2. When the stock is done cooking, turn off the burner and gather another stock pot and top with a colander. Carefully pour the stock into the colandar to strain out the meat and bones. Put the pile of bones and meat in another bowl, we will return to them soon. Wash the first pot (the one the stock simmered in on the stove) and rinse the colander.

3. Now we want to strain the stock again to clear away any little bits of meat, bone and the layer of yellow fat that floats on top of the pot so all we are left with is the golden stock. Arrange the colander over the top of the washed pot and line the strainer with a couple paper towels. Carefully pour the stock into the lined colander.

4. The remaining clear liquid is the basic chicken stock. Use the stock fresh within three or four days or put into containers (leaving an inch of head space for plastics, more for glass to accommodate expansion during freezing) and freeze for up to six months.

Or if you plan to use in the next few days, just put the stock pot in the fridge. The next day when you take it out, the stock may have set up into a jello-like consistency (as the gelatin renders out when simmered for a long time). This is perfectly normal and will return to a liquid again once heated. The first time I made stock I had a minor freak out when the spoon stood straight up in pot and I didn't have anyone to pat my shoulder and tell me that it was OK and that just means that I made it right. So here is your reassuring shoulder pat in advance, <pat> <pat>.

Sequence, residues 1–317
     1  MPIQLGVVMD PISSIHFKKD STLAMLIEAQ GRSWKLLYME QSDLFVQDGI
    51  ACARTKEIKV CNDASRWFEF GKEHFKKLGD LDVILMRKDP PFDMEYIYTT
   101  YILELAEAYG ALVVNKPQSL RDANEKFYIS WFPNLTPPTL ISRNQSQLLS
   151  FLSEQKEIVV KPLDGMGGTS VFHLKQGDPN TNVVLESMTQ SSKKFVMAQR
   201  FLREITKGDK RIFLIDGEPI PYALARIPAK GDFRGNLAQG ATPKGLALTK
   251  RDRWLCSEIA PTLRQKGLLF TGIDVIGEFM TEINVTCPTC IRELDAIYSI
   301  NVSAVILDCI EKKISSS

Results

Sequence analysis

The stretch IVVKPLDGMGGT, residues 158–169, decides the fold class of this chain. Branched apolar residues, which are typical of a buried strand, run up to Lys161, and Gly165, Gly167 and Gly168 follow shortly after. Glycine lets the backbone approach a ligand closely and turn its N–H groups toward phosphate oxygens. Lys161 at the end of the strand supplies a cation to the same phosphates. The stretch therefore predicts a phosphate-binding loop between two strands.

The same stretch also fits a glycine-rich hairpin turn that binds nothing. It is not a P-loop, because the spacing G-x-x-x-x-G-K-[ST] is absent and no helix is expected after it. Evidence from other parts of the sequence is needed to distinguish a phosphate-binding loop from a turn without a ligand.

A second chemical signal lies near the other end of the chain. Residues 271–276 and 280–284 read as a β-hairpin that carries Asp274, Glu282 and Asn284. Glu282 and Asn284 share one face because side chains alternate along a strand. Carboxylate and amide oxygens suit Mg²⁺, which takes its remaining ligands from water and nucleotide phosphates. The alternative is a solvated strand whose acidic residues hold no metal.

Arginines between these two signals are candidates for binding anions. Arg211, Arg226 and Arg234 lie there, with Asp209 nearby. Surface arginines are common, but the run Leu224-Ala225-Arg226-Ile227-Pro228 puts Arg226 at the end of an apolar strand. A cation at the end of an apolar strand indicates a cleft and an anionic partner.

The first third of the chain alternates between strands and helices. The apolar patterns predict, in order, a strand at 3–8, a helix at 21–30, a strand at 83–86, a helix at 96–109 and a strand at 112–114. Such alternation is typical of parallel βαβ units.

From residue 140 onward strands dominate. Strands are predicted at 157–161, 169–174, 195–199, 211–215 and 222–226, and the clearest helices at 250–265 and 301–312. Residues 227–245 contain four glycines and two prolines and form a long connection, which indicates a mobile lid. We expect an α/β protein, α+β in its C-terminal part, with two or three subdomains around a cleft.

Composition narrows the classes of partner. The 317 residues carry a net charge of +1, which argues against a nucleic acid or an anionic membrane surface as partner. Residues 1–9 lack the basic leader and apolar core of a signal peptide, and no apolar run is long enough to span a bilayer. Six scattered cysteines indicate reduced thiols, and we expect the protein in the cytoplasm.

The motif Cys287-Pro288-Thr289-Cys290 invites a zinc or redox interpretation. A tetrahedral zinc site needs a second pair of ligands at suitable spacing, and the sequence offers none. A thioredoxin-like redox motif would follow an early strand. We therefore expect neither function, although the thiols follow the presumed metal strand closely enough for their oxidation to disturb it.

Since this is the absolute simplest type of chicken stock recipe, it may taste a little flat at this point due to a lack of seasonings. Personally I am a fan on unsalted stock because it gives me the freedom to season to taste in my final recipe but if you prefer, feel free to season now.

5. Now we return to the bones. For this step I like to use a pair of disposable, food grade gloves to pick the chicken from the bones. For one, if the chicken is still really hot, the gloves protect my hands and for two, I don't much care for greasy chicken fingers. Pick around and pull the meat away from the bones being very careful to not accidentally add little bones to the pile (the neck is one place to be extra careful). Don't worry about getting every little tidbit, just the bigger chunks. It can be pretty surprising to see how much meat comes off the bone.

Use the meat for chicken soup, chicken and dumplings, chicken pot pie or even mix it up for a chicken salad sandwich. I like to freeze this "picked" chicken in vacu-bags and then for evenings when I have no time to defrost and cook meat, I add it to whatever I am cooking (we added such chicken to our chicken coconut curry last night and it was very good) for a quick meal.

That's it. It really is that easy. Homemade stock is so rich and flavorful and you control the quality of the ingredients. No spending $3-4 dollars a carton for chicken flavored salt water and now you have several quarts of homemade stock for delicious soups all season long.

Tuesday, October 11, 2011

The ranch through time: Feeding poultry